I’ve been a fan of Adam Wingard since I first saw A Horrible Way to Die. I had no idea what to expect from that film, but the character work really impressed me. The buzz for You’re Next had me really excited and the movie did not disappoint me when I finally saw it. But The Guest blew me away. It feels like something so catered to my interests, it’s everything I want from the movie-going experience distilled into one feature. It shows such an evolution for Wingard as a filmmaker.
There are so many directors out there right now trying to do horror & genre movies that feel like the films they grew up with from the ‘80s. Many are trying to recapture the style of favorite creators like John Carpenter or David Cronenberg. That’s dangerous territory. You want to take influences from your favorite directors, but you don’t want to copy them. That’s where too many up-and-coming modern filmmakers fail.
Seeing all of the throwbacks to the 1980s and the clear inspiration from Carpenter and Cameron only goes to clearly show how Wingard has developed his own style as a director. It’s a throwback movie, to be sure. But it’s still entirely his and that’s where so many other filmmakers tend to fail when attempting to do a picture like this.
The neon color palate, the lingering sense of dread, the decision to set the whole film against the backdrop of Halloween in the Midwest, all of these things are the perfect flourishes for an ‘80s horror movie. The brilliance of The Guest is that while it embraces all of these elements, it’s not even technically a horror movie. There are creepy aspects, for sure, but there are heavy thriller and outright action movie elements as well.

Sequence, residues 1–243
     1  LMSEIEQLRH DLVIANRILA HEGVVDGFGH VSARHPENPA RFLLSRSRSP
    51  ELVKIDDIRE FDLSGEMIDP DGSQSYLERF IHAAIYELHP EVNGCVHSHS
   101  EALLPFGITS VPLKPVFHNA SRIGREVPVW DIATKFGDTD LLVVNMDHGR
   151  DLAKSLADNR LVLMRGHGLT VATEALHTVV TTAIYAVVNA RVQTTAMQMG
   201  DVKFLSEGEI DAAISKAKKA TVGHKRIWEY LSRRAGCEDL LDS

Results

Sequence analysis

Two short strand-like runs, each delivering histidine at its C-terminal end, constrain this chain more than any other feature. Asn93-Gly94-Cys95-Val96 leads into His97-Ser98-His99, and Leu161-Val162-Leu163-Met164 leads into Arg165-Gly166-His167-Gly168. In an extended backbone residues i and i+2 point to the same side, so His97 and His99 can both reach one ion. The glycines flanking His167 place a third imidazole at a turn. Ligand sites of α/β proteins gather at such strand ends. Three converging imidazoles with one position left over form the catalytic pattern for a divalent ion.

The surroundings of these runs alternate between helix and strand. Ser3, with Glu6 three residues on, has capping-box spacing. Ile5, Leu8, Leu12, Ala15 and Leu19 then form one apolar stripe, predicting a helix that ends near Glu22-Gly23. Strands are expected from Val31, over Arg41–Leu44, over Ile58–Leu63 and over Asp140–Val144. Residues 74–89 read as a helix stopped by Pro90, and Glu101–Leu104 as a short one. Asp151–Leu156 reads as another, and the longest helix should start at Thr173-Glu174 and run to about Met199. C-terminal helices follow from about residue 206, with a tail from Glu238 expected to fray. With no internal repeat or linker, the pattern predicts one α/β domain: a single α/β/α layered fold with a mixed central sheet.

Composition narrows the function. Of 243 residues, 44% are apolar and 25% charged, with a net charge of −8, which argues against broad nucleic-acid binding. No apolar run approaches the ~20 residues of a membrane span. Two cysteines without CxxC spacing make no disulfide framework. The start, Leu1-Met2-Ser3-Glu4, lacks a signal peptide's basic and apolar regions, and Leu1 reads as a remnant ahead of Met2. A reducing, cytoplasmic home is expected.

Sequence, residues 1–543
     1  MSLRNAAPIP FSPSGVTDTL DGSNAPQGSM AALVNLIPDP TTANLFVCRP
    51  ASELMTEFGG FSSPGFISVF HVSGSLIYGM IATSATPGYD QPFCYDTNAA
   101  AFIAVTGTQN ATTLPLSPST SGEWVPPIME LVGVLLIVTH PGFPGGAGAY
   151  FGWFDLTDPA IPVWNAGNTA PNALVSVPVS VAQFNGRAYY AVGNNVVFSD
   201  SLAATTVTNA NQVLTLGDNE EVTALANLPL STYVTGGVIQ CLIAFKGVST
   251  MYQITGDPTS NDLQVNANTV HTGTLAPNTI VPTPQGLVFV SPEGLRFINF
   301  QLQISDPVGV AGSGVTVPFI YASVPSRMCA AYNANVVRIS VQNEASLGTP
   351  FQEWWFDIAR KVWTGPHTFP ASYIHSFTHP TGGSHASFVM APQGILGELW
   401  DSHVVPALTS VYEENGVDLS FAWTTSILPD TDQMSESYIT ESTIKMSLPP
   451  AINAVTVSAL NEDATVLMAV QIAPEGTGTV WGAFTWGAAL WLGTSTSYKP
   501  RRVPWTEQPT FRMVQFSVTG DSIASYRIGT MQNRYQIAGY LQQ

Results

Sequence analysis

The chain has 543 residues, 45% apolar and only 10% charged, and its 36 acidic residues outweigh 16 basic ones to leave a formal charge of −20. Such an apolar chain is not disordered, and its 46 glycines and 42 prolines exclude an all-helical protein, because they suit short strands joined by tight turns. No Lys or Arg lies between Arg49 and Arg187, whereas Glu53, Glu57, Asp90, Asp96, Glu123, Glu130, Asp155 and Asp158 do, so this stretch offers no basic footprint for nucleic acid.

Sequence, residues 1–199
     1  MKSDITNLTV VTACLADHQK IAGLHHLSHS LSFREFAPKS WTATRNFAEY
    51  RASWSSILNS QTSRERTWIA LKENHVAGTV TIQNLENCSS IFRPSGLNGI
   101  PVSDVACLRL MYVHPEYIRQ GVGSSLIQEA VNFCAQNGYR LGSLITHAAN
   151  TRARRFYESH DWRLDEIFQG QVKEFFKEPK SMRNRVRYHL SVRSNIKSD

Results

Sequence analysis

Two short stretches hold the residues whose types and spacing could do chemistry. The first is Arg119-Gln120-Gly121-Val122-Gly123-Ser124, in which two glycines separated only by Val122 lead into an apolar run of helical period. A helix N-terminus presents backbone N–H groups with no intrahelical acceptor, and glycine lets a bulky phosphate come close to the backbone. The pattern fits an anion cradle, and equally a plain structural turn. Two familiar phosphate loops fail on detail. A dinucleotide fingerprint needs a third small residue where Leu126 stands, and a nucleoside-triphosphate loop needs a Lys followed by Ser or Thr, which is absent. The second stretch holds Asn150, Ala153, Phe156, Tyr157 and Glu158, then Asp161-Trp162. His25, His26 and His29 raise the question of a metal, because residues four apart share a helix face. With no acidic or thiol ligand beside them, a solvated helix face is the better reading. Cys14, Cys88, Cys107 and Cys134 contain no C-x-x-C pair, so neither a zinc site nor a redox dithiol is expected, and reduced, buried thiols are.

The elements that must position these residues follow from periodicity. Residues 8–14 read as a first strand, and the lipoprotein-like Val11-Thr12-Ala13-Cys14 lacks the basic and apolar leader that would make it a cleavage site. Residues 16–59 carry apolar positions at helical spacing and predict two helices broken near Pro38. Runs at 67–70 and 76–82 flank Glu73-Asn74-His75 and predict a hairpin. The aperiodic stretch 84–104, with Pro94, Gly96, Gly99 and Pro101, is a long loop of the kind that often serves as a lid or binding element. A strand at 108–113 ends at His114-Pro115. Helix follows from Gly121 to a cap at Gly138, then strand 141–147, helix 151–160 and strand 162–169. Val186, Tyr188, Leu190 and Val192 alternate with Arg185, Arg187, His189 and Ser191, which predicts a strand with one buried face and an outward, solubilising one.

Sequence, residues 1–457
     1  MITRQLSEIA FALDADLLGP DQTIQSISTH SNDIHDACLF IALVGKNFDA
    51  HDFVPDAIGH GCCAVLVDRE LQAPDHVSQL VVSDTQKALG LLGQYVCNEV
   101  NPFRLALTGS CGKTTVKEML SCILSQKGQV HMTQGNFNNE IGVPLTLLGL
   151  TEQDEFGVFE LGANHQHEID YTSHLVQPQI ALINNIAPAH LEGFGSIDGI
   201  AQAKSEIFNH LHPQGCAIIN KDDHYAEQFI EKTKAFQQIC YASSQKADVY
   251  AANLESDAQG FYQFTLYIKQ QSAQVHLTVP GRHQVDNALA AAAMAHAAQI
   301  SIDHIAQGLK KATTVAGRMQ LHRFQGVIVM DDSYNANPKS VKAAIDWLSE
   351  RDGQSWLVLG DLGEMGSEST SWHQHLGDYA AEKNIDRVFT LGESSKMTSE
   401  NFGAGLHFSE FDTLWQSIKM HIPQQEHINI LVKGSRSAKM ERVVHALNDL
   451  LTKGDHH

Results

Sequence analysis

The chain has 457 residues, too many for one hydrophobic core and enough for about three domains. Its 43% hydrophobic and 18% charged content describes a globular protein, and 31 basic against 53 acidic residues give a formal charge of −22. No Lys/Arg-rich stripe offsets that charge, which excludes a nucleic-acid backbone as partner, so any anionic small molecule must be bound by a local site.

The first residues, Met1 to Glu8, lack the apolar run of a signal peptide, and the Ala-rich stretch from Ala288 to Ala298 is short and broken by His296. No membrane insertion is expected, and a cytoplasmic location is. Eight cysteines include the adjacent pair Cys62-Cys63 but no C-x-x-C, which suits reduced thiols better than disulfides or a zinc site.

The basic, bare-bones idea is really just the same backbone as The Terminator: a waitress does battle with an unstoppable killing machine. But everything crafted around that is different. In fact, that’s where The Guest unfortunately seems to lose too many people who aren’t willing to go along for the ride. They get lost when it starts unfolding into an unexpected political thriller. But that’s so great because you never see that kind of comment for movies that are crafted as genre throwbacks.
In movies like this, you need to go forward and backward at the same time. That’s how to actually craft a solid throwback in 2016. That’s the thing that up-and-coming filmmakers need to take away from The Guest. Make all the call backs and references that you want, but earn them by being true to yourself. Know your style and the kind of movie you want to make.
The deliberate sense of pacing, the way the movie unfolds without spoon feeding anything, that’s what makes The Guest work more than the colors and sounds, especially when so many things coming out right now have so much unnecessary exposition forced into them. The Guest doesn’t explain itself right away. It doesn’t even explain everything. The movie unravels an interesting plot, but at the same time, it leaves you with some questions. Some things are left open to interpretation. That way it’s all but ensured that you’ll still be thinking about the feature for a few days after watching it.
People love to complain about the lack of originality these days, but the truth is, if you’re true to yourself as a filmmaker and a storyteller you can always craft something original. You’re the only one with your life experiences and your unique view of the world. There’s a lot of that in The Guest. It’s the very reason it succeeds. That movie may contain the masks from Halloween III, it may have those synth sound cues and use Carpenter’s signature font, but it is purely an Adam Wingard film from the first frame to the last.
If more directors head in that direction, if more up and coming creators are able to achieve that kind of balance, then I honestly think the genre’s future looks very bright.